Ewes' body condition score will reveal all

Footbaths every two weeks are advised by John Large.
Footbaths every two weeks are advised by John Large.
Mark and Liam Callinan, Inagh, Co. Clare, taking a break at the Teagasc Green Acres Calf to Beef farm walk on Christy Dowd's holding in Ballinagare, Co. Roscommon. Photo: Gerard O'Loughlin
John Large

John Large

Now that all the ewes that lambed in early March are weaned, it is time to start getting ewes ready for their next breeding season.

The most important task is to get the ewes up to at least 3.5 Body Condition Score (BCS) before mating. The key drivers of profit in a sheep flock are, kilos of lamb per hectare, weaning weight of lambs and the number of lambs weaned per hectare.

The most important factor influencing these is the percentage of ewes that are under condition score 3 at mating and at lambing.

It's all about minimising the number of ewes that fall into this category, as these are the ones that are bringing down the overall flock performance.

For this reason once the ewes have been dried off they should be put through the race and physically handled. What you are doing is assessing the amount of condition by feeling the spine and short ribs with your hands.

Score them on a scale from 1 to 5, with 1 being extremely thin and 5 being over-fat. Don't take too much time as it's not about exact numbers - put a hand on them, make a decision and move on.

My method is that all ewes that go up drafting race below BCS 3.5 need to be marked and drafted off.

Then we usually pick off ewes with a BCS of 2.5 and run them with the ewe-lambs. Some of these ewes may not reach BCS of 3.5 by mating time so some will be culled. We will give BCS 3 ewes good grass as these girls need to put on about 12 kg before early October.

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If we can average a gain of 1kg a week we will just about get there on time.

We should also remember most of the ewes with the lower condition score at weaning are ones that have reared multiples and produced plenty of milk.

So these ewes deserve to be treated properly during the dry period, as they are your most productive animals.

The heavier group of ewes over 3.5 BCS will be used to clean up after the lambs.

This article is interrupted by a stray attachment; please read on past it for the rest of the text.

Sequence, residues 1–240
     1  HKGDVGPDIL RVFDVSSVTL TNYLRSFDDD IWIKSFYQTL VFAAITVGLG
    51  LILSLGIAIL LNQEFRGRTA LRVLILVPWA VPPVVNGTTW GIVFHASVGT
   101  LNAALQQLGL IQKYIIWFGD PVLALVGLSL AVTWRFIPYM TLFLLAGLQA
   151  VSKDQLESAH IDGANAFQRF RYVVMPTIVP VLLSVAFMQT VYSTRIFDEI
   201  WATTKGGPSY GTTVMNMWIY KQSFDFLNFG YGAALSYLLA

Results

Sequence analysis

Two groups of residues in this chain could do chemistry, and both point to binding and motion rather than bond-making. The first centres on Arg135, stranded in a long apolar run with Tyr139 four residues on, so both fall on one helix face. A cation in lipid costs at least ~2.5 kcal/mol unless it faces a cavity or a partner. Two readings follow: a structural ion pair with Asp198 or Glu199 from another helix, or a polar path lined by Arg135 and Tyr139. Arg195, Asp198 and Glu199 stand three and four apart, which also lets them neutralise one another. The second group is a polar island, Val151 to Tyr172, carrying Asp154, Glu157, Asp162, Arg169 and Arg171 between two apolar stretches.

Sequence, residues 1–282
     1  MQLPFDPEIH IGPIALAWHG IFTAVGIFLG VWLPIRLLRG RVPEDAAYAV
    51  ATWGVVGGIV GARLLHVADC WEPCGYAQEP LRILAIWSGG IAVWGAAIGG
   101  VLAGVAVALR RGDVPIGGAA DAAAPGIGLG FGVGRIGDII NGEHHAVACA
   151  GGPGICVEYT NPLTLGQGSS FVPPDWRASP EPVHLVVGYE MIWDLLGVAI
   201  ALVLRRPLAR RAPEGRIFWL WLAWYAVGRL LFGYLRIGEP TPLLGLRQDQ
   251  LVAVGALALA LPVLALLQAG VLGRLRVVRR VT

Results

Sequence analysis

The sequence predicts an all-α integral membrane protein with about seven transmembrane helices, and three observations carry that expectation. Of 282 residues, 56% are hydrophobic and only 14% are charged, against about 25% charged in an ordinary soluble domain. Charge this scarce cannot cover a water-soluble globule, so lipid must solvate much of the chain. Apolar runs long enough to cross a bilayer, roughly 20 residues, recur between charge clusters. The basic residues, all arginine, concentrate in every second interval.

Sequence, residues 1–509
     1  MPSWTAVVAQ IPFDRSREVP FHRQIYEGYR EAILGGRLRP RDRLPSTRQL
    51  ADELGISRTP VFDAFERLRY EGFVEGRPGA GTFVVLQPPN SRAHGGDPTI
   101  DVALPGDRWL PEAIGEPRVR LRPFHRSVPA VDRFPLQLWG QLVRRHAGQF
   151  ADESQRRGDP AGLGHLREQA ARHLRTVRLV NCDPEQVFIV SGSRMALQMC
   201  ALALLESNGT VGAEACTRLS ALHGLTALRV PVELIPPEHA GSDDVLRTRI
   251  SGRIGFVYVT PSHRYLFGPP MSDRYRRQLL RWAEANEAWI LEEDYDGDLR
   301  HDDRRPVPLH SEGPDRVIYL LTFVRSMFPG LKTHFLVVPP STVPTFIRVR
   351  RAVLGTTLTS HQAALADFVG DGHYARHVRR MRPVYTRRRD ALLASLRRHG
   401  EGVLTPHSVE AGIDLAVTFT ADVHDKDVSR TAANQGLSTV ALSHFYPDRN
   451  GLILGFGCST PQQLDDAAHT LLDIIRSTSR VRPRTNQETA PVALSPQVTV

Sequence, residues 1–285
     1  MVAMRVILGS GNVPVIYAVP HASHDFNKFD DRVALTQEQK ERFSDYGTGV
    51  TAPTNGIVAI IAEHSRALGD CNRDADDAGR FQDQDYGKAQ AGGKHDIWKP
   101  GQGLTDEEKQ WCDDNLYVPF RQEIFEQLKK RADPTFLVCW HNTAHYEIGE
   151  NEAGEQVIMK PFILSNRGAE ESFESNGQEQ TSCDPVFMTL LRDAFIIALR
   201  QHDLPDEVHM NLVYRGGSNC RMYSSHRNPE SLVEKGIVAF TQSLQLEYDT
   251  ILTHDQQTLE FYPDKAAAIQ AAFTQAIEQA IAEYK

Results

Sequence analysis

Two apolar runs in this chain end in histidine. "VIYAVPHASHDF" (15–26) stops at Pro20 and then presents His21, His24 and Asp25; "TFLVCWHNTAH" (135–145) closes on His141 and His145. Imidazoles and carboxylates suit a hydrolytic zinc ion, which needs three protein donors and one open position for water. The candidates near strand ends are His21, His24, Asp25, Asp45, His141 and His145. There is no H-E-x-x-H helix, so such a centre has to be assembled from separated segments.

Don't forget about these - when they are in the yard go through them and pick off any that are losing condition and transfer them to the other group for more feeding.

There should be no reason for ewes to lose weight on my farm between weaning and mating.

It takes a lot of extra feed to regain weight as opposed to maintaining weight so as the months go on, ewes will be moved up from the lower condition score group when they have put on enough weight.

Lamb fat score

We sold some lambs at weaning. We were happy how they graded and all had a fat score of 3.

Our aim is to keep up the kill weight and try not to kill any lambs with a fat score of 2. This way we should be able to maximize the lambs value. We will weigh lambs every two weeks and sell what is fit.

We hope to finish most of the lambs off grass but if performance drops we will go in with some meal for the last few weeks.

All lambs were dosed at weaning and got their second shot of Heptavac P. We have them divided into three groups, those over 35kg, then a big group that are all over 30kg and smaller group of lambs that we call the 'tail enders'.

The late lambed ewes and hoggets will be weaned next week.

These hoggets will get the best grass available, once they have been dried off as they have some catching up to do having lost weight rearing their lambs.

Just small bit of silage to do this week then concentrate on stock work and some maintenance around the farm.

We have some grass seeds to sow in a paddock where we did some drainage work last year.

This was sprayed off with Roundup a month ago and has been ploughed so now all we have to do is level the ground and get it back growing grass as soon as possible.

John Large is a sheep farmer based in Co Tipperary

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